SHRMS's third in a series of articles on meeting fall 2018 open-enrollment challenges deals with providing employees with the opportunity to tailor benefits to meet their needs.
How can customized benefits increase loyalty? Would employees pay for them on their own? Would they take a pay cut for better choices?
See how employers and employees view the desirability of:
As always, communication is a key.
October 9th, 2018 by John Monroe and Kristina Griffin at FordHarrison
As you can tell by the “seasonal” aisle of your local drug store, holiday season has begun! The seemingly endless stretch of celebrations from October to January brings with it a whole cornucopia of HR issues – including the use of seasonal workers.
Only 90 days until we flip the calendar. You're welcome.
September 21st, 2018 by hrsimple
So say an employee, let's call him, for purposes of this exercise, Scott Edward Nall, walks into your office to let you know he has changed his name to Optimus Prime. Do you:
October 24th, 2018 by Danielle Krauthamer at Fisher Phillips
Some of you know that we have an office dog (who also happens to be my dog Queso, pictured) in addition to other dogs and cats/kittens (Marshall, our 10-day old kitten eating breakfast on our youtube channel - Queso has several cameos).
Danielle Krauthamer at Fisher Phillips provides the four legs you will need to stand on when considering your pawternity policy:
August 20th, 2018 by Judy Yi at Polsinelli
Employment Agreements should be called Agreement Employment Agreements because the agreement comes before there is employment for use after employment.
Here are five factors you should consider (so maybe they should be called Consider 5 Agreements Employment Agreements):
August 7th, 2018 by hrsimple
If you are in the practice of sending employees on overnight business trips AND you employ new mothers AND you believe in treating your employees right we’ve got just the bird for you.
Milk Stork is the first breast milk shipping company to support nursing mothers who are on the road and need to send their breast milk back home - and they offer special company packages so employers can support their maternal workforce! A-MAZING.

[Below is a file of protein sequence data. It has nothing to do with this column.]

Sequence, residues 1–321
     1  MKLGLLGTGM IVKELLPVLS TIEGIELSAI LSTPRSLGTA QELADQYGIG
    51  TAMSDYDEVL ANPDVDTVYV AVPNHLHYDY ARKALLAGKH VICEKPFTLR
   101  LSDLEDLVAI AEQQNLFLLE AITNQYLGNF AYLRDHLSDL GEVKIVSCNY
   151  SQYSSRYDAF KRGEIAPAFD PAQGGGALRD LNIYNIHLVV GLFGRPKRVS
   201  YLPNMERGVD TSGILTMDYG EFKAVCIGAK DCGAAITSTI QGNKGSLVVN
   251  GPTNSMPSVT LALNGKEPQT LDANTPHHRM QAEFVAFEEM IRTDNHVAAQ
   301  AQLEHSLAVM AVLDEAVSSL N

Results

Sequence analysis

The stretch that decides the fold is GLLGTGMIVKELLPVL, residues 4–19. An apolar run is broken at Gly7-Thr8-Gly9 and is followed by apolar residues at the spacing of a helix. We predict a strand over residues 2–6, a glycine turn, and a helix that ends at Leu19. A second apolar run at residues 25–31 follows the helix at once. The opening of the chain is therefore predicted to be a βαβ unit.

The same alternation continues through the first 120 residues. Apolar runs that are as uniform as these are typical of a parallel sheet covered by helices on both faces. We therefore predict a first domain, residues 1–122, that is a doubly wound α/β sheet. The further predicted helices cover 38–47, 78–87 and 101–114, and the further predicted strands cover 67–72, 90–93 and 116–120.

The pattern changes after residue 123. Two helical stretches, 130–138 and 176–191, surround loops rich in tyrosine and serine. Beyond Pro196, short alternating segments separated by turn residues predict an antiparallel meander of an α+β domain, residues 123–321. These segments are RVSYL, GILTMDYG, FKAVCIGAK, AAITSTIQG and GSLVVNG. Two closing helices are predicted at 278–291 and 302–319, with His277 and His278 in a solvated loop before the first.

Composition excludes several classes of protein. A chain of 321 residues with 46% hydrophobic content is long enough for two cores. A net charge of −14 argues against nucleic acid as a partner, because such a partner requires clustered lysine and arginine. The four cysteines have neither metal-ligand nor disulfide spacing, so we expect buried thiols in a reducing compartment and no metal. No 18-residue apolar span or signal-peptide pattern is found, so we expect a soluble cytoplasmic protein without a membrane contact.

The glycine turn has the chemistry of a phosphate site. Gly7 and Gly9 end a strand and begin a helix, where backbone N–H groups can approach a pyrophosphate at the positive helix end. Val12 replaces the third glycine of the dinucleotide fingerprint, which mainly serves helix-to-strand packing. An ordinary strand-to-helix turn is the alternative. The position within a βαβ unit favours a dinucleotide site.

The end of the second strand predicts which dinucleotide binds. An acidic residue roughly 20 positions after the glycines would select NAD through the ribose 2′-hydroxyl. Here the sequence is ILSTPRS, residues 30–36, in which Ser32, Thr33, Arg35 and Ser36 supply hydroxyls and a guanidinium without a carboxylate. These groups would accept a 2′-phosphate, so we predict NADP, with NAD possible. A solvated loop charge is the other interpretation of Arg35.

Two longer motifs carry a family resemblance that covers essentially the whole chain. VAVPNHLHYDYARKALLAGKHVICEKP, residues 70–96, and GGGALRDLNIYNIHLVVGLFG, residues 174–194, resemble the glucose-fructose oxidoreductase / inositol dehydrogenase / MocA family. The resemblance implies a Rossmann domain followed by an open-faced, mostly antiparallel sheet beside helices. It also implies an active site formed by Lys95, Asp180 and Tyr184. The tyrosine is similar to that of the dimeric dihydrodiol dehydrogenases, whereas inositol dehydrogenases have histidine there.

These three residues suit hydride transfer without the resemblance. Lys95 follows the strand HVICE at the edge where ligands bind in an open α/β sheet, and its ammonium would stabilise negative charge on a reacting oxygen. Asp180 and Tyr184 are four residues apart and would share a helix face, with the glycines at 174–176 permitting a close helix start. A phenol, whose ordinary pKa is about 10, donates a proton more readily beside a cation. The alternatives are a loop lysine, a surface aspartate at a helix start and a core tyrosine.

A special thanks to Littler's tweet for the heads up on this awesome company!
May 22nd, 2019 by Kat Cunnignham, president of Moresource Inc.
Name a benefit that employees want, doesn't cost anything, reduces paperwork and can boost morale and productivity.
Paid time off.
But there are potential downsides and questions you need to ask (and more important, answer) before announcing this wonder benefit to your staff. Kat Cunningham, president of Moresources Inc. lays them out for you.
June 12th, 2018 by C. John Wentzell, Jr at Ogletree Deakins
This chapter provides an overview of some fringe benefits that are not among the benefits that can trigger coverage under the Employee Retirement Income Security Act (ERISA) and are not discussed elsewhere in this book. Generally, a fringe benefit is a form of non-cash compensation paid to an employee. Fringe benefits provided to employees are taxable unless there is a specifically applicable income tax exclusion. If taxable, the fringe benefits discussed are wages reportable on Form W-2 and are subject to withholding.
The following sections describe some of the more common excludable fringe benefits that might be provided by the typical employer. The list is not exhaustive. Among other things, benefits that could be offered only by employers engaged in a particular line of business (such as reduced tuition for dependents of college and university faculty members) have been omitted.